The Medium of Red Chalk Artists have used many different mediums over time , each having special qualities. At the Scottish National Gallery in Edinburgh there is at present an exhibition of red chalk drawings, not the most common medium usually found in art galleries. The show includes works by Rubens, Salvator Rosa, Watteau, and Francois Boucher. The earliest piece on display is by Raphael and dates from about 1518. It is entitled ‘Study of a kneeling Nude’ (Einspruch, June 2012). The work was done in preparation for a fresco ( National Gallery of Scotland, 2012) Einspruch explains that it was often the medium used to make preliminary sketches for oil paintings, as when Geurcino used this medium fro a study in preparation for the monumental oil painting ‘Erminia Finding the Wounded Tancred’ ( circa 1660), but red chalk was also used to make decorative and quite elaborate landscapes. The writer goes on to state that red chalk became very popular during the Rocco period in France and was utilized
Figure 1, Allan Ramsey, Head of Margaret Lindsey, the artist’s second wife, looking down. ( Circa 1776)
by artists such as Fragonard.
Sometimes red chalk is used not as a preparation, but as a medium in its own right , as when Rosa produced his ‘Head of a bearded man’ in the mid 17th century.
This particular technique can be used to exercise great control and precision. It is very easy to use , no mixing of colours, preparation of pigments etc., and gives a rapid result, using simple strokes. That of course does not mean that it does not also require great skill.
A famous picture in red chalk is usually referred to as Renaissance man is often credited as being a self -portrait by Leonardo Da Vinci, although it is perhaps a portrait of a relative of his. Scholars are in dispute about this. It dates from 1512 and is held at the Biblioteca Reale in Turin, Italy ( Daily Mail, 2009). It is rarely on public view simply because it is so fragile, because it is subject to foxing, yet at the same time it is often copied and so well known. There has recently been developed a special box, a Climabox, which will, it is believed, preserve the wonderful portrait from further deterioration.
Mayhew ( undated ) has spent a great deal of time researching the various materials used by early artists. He describes it as a natural material and easy to cut into sticks right from the earth as it was already very compressed. He states that da Vinci was the first artist to use it. However supplies became depleted by the end of the 17th century and so it dropped from popularity. By 1795 an artificial substitute had been developed by Frenchman Nicholas Conte, but Mayhew states that this ‘crayon’ simply doesn’t have the ‘glow’ of the natural product, and is harder to work with. He quotes Edward Burne-Jones as being in despair as he asks every colour man for the rare original, and saying ‘Now the ancient red is far more crimson and rosy tints than the brown sticks they give us now.’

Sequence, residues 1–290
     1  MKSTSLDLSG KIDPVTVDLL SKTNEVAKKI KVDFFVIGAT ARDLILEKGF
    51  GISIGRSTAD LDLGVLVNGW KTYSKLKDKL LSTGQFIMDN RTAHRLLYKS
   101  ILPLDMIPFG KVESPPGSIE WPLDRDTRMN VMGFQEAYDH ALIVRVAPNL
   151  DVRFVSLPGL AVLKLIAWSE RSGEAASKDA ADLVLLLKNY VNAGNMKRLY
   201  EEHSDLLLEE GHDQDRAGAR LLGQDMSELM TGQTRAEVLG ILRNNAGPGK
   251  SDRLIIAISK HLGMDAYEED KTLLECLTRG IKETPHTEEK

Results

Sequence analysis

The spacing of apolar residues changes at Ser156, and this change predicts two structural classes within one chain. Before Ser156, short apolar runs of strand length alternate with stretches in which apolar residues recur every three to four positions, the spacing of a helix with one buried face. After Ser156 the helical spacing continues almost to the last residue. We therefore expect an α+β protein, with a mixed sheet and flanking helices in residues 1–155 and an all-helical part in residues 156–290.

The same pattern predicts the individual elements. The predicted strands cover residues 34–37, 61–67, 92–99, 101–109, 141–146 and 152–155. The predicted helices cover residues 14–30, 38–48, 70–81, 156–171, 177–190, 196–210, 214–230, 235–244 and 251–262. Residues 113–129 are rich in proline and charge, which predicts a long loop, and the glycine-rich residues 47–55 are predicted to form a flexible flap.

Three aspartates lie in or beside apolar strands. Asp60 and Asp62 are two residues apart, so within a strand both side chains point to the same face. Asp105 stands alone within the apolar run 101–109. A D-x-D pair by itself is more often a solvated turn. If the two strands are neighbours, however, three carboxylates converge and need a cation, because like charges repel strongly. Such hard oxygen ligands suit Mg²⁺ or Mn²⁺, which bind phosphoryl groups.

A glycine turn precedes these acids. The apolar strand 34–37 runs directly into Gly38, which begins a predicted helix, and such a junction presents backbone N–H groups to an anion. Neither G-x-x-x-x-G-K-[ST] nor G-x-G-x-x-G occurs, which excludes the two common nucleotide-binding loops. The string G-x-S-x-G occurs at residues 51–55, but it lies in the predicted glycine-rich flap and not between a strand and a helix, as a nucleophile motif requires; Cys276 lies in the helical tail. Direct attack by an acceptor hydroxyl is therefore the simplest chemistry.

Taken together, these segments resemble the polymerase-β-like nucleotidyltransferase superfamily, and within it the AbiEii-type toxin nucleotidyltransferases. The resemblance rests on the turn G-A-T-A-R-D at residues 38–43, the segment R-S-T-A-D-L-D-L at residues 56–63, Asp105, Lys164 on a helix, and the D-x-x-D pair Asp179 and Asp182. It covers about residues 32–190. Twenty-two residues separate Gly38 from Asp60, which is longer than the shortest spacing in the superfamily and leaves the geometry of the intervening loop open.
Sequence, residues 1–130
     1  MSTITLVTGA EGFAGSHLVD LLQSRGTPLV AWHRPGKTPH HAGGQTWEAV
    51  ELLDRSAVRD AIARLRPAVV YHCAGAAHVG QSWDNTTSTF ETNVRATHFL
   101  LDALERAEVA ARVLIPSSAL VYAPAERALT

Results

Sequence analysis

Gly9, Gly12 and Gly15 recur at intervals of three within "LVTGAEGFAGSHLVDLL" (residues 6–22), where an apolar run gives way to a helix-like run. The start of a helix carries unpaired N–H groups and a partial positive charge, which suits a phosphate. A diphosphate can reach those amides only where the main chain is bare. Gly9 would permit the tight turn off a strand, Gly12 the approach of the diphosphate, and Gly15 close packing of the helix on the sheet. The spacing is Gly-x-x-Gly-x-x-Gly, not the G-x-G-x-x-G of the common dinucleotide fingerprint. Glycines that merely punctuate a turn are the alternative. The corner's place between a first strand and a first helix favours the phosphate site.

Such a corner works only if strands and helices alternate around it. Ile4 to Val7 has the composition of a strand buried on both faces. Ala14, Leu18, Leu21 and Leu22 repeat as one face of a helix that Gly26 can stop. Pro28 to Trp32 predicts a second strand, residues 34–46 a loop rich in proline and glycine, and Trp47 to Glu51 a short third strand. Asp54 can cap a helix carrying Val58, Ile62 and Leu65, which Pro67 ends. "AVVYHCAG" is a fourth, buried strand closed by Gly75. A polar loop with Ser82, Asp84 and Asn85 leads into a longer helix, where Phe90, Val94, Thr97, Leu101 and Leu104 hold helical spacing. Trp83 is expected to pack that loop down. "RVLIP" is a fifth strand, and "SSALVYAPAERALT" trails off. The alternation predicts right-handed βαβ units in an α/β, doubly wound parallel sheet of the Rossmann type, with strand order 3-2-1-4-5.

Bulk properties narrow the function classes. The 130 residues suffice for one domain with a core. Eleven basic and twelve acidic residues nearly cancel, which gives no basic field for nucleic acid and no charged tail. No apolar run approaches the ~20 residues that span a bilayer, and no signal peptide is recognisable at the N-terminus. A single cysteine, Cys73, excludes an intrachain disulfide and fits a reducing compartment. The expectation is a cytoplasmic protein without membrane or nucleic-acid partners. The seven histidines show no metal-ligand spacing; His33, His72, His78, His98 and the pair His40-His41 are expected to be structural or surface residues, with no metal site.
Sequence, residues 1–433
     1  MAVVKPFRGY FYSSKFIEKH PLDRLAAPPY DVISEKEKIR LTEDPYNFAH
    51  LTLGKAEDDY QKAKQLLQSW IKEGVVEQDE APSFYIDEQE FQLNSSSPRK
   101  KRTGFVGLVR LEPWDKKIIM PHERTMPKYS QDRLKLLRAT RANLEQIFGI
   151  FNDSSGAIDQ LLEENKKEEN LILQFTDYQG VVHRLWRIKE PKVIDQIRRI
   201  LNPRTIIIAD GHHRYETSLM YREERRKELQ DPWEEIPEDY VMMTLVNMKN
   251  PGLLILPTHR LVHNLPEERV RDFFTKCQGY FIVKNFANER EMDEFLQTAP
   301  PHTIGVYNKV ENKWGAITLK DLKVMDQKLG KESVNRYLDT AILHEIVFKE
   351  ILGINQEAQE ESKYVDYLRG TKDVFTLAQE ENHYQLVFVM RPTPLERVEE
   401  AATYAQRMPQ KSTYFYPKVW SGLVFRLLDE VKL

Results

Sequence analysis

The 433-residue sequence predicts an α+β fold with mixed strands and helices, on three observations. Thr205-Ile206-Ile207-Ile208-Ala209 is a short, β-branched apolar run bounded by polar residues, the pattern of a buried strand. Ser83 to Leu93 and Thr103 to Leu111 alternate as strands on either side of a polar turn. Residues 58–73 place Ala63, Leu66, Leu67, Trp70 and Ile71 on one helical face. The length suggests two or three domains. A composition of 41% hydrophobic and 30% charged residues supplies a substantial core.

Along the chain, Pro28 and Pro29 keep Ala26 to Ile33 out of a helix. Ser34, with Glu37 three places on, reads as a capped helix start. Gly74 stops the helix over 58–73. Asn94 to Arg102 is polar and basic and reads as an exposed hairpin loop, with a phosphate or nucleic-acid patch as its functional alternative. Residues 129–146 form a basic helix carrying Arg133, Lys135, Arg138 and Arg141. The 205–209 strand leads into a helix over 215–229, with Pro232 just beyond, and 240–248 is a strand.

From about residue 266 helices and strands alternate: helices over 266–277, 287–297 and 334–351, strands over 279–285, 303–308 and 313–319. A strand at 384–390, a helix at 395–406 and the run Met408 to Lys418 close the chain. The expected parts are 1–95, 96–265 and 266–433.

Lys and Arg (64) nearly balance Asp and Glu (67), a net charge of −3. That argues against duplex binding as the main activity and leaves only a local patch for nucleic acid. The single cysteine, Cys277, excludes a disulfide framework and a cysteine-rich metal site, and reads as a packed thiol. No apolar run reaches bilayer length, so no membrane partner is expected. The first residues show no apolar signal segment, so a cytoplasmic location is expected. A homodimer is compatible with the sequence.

Whether used to draw a detailed study from nature, a summary sketch or a highly polished finished drawing, red chalk is an enduringly popular, richly expressive and unique medium for draughtsmen. (The National Gallery, Scotland, 2012).
Figure 1, Ramsey,A., Head of Margaret Lindsey, the artist’s second wife, looking down. National Gallery, Scotland, Circa 1776, 4th June 2012, http://enfilade18thc.wordpress.com/2012/02/25/exhibition-red-chalk-raphael-to-ramsay/
Daily Mail, Portrait of Leonardo da Vinci Discovered in an Italian Village, 25th February 2009, 4th June 2012, http://www.dailymail.co.uk/news/article-1152684/Portrait-Leonardo-da-Vinci-discovered-ancient-Italian-village.html
Einspruch ,F., Seeing Red in Edinburgh, June 1st 2012, 4th June 2012, http://www.nysun.com/arts/seeing-red-in-edinburgh/87845/
Mayhew, D, The artwork of David Mayhew , undated, 4th June 2012 http://www.timothydavidmayhew.com/new-pages/draw-media.html
National Gallery of Scotland , Enfilade , 2012, 4th June 2012, http://enfilade18thc.wordpress.com/2012/02/25/exhibition-red-chalk-raphael-to-ramsay/
Mayhew,T., The artwork of Timothy David Mayhew, undated, 4th June 2012, http://www.timothydavidmayhew.com/new-pages/draw-media.